Controls on contributions for accidents at work and occupational disease
Key “a” – The contribution rules for exclusive office workers and the labor inspectorate
Change of criteria of the Labor Inspectorate
In recent times, companies are seeing how the Labor and Social Security Inspectorate is tightening its controls on contributions for work accidents and professional illness in relation to exclusive office work.
According to the type of company and/or sector we are dealing with, this hardening is translating into acts of infringement of enormous amounts that can mean the difference between ending the year in profit or loss.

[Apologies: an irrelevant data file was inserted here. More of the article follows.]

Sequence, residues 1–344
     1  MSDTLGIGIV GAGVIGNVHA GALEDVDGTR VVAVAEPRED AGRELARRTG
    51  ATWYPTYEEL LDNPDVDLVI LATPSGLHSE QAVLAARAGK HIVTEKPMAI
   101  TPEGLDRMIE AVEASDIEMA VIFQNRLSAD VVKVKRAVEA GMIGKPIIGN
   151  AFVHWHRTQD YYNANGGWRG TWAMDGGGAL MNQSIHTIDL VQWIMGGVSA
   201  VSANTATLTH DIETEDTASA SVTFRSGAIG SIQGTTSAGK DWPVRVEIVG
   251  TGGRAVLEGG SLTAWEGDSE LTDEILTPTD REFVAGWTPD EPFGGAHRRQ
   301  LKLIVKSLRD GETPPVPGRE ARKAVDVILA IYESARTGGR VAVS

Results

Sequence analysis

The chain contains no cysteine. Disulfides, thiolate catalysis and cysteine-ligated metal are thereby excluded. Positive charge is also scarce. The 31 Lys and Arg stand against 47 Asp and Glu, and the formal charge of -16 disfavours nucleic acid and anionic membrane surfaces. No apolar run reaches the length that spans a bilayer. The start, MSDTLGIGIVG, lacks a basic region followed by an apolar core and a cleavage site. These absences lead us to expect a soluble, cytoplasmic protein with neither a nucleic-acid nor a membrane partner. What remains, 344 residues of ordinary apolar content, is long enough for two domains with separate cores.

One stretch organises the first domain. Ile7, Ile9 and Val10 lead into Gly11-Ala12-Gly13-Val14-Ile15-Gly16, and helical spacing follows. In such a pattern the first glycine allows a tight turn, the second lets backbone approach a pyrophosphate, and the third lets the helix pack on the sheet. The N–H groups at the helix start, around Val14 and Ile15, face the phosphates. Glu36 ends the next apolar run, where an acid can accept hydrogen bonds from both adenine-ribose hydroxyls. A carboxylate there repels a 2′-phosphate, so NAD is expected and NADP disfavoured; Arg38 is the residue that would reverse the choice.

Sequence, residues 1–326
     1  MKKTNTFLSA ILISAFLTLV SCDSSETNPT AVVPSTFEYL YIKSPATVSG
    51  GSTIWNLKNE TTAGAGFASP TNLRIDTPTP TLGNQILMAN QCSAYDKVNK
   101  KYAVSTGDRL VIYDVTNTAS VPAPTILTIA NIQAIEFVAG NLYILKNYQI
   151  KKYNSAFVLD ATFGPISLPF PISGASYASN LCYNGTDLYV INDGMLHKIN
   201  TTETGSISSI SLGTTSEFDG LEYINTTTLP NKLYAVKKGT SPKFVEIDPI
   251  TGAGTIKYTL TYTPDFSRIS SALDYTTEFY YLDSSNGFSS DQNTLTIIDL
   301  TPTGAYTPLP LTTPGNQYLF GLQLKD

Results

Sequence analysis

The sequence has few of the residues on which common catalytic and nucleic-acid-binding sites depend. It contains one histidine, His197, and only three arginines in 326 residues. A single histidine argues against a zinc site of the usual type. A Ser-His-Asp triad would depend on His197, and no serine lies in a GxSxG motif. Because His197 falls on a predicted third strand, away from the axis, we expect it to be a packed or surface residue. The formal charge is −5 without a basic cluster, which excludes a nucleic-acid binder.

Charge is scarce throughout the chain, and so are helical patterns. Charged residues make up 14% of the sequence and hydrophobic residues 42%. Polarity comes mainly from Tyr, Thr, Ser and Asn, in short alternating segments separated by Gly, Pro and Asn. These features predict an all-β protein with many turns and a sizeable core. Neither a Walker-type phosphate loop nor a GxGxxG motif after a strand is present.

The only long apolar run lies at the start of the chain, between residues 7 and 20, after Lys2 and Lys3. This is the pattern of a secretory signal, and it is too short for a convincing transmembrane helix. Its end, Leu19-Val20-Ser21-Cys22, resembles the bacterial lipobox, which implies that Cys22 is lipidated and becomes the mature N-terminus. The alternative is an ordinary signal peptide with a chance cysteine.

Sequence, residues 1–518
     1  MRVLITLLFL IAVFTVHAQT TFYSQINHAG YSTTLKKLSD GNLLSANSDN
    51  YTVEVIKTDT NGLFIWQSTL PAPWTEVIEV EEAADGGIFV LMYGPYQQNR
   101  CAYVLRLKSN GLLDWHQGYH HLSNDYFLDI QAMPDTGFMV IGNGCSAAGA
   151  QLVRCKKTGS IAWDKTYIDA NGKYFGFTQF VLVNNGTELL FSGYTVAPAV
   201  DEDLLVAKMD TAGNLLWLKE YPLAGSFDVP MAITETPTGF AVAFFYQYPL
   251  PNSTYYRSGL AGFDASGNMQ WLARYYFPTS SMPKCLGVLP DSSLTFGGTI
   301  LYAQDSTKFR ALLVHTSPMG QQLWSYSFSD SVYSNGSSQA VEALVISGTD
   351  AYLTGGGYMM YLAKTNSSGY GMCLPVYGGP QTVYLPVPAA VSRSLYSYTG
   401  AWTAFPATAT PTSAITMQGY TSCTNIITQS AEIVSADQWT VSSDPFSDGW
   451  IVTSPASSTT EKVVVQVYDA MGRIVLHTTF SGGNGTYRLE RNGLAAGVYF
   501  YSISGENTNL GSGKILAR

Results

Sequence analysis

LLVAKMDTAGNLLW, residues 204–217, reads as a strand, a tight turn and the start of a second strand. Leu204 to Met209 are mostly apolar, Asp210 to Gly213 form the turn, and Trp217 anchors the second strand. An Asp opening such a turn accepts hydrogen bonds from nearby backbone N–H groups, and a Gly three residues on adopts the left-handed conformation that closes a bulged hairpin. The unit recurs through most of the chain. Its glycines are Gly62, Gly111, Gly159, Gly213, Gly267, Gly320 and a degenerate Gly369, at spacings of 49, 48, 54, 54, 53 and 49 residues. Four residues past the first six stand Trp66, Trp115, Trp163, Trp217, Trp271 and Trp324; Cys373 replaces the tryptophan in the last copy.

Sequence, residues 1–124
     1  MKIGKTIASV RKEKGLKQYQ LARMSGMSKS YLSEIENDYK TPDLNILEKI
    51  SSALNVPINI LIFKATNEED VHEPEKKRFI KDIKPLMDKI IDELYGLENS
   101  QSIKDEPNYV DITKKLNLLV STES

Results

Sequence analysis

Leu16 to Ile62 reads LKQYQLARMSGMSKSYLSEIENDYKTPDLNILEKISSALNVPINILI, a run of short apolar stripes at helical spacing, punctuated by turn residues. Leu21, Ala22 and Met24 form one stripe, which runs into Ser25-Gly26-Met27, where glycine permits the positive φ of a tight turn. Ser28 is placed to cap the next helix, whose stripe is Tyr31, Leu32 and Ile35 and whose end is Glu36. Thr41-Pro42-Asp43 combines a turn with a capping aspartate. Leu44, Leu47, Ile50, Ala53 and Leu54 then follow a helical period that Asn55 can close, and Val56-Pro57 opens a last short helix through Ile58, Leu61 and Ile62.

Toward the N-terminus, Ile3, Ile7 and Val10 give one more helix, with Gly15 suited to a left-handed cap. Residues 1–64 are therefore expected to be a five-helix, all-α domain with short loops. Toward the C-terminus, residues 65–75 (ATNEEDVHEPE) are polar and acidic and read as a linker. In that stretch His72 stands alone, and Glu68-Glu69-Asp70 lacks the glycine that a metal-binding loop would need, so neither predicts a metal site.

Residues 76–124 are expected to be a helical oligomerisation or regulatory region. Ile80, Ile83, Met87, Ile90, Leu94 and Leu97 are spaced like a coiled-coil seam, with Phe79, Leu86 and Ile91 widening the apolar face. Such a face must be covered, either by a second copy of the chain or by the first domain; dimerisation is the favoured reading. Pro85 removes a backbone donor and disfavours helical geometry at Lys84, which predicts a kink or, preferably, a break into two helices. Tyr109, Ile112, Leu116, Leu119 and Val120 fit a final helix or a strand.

Specifically, the inspection work, following the entry into force of the General State Budget Law for the year 2016, of October 29, 2015, has focused its resources on reviewing the contributions for professional contingencies in relation to those workers who were framed within the occupational code “a” from the premium chart.
Thus, the eighth final provision of Law 48/2015, which entered into force on January 1, 2016, modified the regulation of key “a”, of the exclusive office workers, going on to determine that shall be considered “staff in exclusive office work” to those employed by others who, without being subject to the risks of the economic activity of the company, carry out their occupation exclusively in carrying out their own office work even when they correspond to the activity of the company, and provided that such work is carried out only in the places destined for company offices”.